(6) The main attack of the petitioner was against Section 6(2) of the Act. It was contended that in enacting the said section the Legislature has not laid down any policy which would guide the executive in fixing the lower rate of rent payable by tenants of lands situate in any particular area under the said sub-section. In other words, it was contended, Section 6(2) makes no provision as to how the powers of the executive to be exercised under the said sub-section are to be regulated. In my opinion, this contention is equally untenable.

The Legislature in my opinion has laid down the policy, that policy being that in no case the tenants would be made liable to pay more than the maximum indicated in sub-section (1) of the said section. In other words, the policy, which has been laid down by the Legislature in enacting the said provision, is that excessive rent may not be realised by the landlord against his tenants and it has been left to the Government to determine, having regard to a particular local area, as to how much rent not exceeding the maximum rent should be imposed upon the tenant.

This very question, which is now raised before us, had come up for consideration before a Division Bench of the Bombay High Court in the case reported in Chimanlal Dipchand v. State of Bombay, : AIR1954Bom397 , Section 6(1) of the Bombay Act, which is the same as section 6(1) of the Mysore Act, was challenged on the self-same ground, viz., that the Legislature had laid down no policy with regard to the limit upon the reduction of the rent a landlord is entitled to receive and that being so section 6(2) of the said Act should be declared invalid. This contention was not accepted by their Lordships of the Bombay High Court. In the course of their judgment their Lordships observed thus :

'In fixing the maximum rent which the tenant was liable to pay the Legislature took into consideration the social and financial condition of the tenants in the State of Bombay and taking a broad view of the matter the Legislature laid down as a policy that in no case with which it was dealing should the tenant by made liable to pay more than the maximum it had indicated. But the Legislature obviously realised that it could not possibly deal with all cases that might come up for consideration, that it could nor medal with distress or exceptional circumstances, that it could not deal with particular areas where conditions of peasants may be worse that the conditions in any other parts of the State, and it left to the State Government to carry out its policy of improving the economic and social conditions of peasants by reducing the maximum rent payable by the tenant and leaving it to Government to decide in the light of special circumstances what the minimum should be.'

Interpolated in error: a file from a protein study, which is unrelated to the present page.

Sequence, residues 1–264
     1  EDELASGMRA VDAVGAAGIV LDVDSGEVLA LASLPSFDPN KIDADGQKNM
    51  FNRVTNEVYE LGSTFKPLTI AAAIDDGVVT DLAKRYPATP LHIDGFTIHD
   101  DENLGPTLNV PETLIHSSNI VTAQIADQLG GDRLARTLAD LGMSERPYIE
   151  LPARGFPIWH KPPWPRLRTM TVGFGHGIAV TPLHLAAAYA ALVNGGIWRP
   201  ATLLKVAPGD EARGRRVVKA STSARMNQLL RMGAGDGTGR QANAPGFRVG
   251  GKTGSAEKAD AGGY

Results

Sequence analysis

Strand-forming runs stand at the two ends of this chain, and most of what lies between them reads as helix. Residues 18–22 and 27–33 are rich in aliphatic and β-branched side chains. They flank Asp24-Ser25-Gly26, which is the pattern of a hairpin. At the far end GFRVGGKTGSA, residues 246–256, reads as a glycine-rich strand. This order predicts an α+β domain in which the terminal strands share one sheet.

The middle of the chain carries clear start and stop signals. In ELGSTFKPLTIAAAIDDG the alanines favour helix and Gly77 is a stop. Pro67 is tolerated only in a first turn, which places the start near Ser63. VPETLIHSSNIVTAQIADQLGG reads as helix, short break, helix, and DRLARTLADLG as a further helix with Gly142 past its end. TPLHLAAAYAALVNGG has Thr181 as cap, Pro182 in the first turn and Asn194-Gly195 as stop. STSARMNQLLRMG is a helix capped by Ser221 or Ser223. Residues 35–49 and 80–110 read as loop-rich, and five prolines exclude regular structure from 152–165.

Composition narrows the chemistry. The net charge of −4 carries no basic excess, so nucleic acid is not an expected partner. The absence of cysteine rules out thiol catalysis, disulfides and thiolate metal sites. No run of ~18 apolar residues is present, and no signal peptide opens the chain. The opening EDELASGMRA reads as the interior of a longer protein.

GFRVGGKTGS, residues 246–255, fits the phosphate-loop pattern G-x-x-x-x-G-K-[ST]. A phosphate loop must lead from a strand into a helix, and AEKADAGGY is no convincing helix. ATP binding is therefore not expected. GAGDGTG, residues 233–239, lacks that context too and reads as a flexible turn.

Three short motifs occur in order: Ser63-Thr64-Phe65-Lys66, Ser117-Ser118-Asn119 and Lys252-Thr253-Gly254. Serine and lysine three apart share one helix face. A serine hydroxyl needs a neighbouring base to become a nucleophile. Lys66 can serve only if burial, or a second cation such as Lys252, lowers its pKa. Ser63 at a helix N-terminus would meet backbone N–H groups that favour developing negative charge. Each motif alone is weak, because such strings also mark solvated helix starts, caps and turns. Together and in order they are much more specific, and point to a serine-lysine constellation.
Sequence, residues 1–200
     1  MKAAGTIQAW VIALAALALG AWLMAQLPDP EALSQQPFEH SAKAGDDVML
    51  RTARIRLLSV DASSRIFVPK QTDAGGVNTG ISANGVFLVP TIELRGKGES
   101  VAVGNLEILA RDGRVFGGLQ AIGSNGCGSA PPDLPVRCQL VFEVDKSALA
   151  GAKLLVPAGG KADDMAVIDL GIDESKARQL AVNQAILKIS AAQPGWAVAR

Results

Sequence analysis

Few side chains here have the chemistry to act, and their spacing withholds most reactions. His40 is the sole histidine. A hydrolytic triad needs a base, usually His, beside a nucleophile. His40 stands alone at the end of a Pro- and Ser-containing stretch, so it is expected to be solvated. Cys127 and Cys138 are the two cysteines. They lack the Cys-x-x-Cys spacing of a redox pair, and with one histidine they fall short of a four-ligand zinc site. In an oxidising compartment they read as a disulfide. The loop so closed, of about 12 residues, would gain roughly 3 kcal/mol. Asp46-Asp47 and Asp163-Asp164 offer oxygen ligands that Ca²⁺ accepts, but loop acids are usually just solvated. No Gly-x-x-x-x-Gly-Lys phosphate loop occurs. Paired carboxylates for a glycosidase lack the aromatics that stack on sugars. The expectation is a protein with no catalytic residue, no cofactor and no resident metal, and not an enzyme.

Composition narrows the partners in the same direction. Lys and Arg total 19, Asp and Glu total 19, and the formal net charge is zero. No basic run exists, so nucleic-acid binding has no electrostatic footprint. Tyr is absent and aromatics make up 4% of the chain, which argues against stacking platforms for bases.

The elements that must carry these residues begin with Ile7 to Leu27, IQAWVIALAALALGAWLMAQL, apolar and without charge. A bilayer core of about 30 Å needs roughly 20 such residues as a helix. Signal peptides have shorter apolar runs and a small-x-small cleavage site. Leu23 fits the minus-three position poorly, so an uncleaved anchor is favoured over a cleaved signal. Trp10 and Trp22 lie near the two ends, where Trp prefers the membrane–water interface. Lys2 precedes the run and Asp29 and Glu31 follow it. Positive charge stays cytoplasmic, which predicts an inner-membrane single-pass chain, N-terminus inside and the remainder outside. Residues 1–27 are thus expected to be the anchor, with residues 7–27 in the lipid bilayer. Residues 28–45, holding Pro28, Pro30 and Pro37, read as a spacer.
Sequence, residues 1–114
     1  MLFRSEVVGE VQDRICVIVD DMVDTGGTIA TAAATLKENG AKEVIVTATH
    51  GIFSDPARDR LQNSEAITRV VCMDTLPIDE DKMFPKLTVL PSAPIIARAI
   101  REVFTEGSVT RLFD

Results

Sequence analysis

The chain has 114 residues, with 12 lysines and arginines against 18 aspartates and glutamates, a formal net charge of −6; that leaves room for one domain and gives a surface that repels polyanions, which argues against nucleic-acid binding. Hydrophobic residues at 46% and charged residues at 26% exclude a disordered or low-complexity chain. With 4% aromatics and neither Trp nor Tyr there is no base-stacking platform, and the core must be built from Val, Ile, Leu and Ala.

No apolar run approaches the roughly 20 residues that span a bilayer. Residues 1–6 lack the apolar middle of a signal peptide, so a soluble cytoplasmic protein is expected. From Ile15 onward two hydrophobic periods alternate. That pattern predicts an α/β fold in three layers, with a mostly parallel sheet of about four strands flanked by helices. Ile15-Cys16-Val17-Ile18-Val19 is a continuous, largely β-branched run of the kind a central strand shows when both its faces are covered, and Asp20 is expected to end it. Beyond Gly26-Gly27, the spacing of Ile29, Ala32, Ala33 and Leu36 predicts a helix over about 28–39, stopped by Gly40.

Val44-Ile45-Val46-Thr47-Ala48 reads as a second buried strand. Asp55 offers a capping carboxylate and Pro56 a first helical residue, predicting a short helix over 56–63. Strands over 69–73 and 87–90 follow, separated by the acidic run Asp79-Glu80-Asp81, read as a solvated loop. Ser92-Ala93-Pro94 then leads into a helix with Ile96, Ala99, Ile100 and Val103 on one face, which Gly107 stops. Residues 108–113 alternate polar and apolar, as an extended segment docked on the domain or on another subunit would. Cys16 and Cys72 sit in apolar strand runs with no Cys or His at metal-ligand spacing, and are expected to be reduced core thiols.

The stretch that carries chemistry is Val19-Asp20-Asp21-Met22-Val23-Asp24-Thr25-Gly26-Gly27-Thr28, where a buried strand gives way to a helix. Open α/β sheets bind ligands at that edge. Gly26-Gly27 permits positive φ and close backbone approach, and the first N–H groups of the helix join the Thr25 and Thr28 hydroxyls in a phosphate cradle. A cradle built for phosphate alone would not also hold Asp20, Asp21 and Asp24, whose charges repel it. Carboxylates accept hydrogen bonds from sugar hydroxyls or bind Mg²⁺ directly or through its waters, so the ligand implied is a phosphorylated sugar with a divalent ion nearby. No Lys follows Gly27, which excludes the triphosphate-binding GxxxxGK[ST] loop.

(7) I entirely agree with the view taken by their Lordships of the Bombay high Court in the said case. The learned Advocate for the petitioner contended before us that the said case is distinguishable from the present inasmuch as the preamble of the Bombay Act which came to be considered by their Lordships of the Bombay High Court, was not the same as the preamble of the Act with which we are now concerned.

He contended that in the preamble of the Bombay Act it is stated that improvement of economic and social conditions of peasants was one of the objects of the Act, whereas in the preamble of the Mysore Act this object is not mentioned. In my opinion, the absence of any such statement in the preamble of the Mysore Act would not in any way affect the validity of Section 6 of the present Act.

Their Lordships of the Bombay High Court in the said case held that what the Bombay Act intends to do is to regulate the relation, between landlord and tenant and the most important relation that had to be regulated was the payment of rent by the tenant and the receipt of rent by the landlord. In the Mysore Act it is stated in the regulate thereof that the object of the Act is to regulate the relationship between landlord and tenant and that the object can be fulfilled by regulating the payment of rent by the tenant and receipt of rent by the landlord. In furtherance of this object Section 6 was enacted. In my opinion, it is not possible to accept this contention of the petitioner. No other contention was urged before us. Advocate's fee assessed at Rs. 100/-.

(8) The result is that this petition fails and is dismissed with costs.

Somnath Iyer, J.

(9) I agree.

(10) Petition dismissed.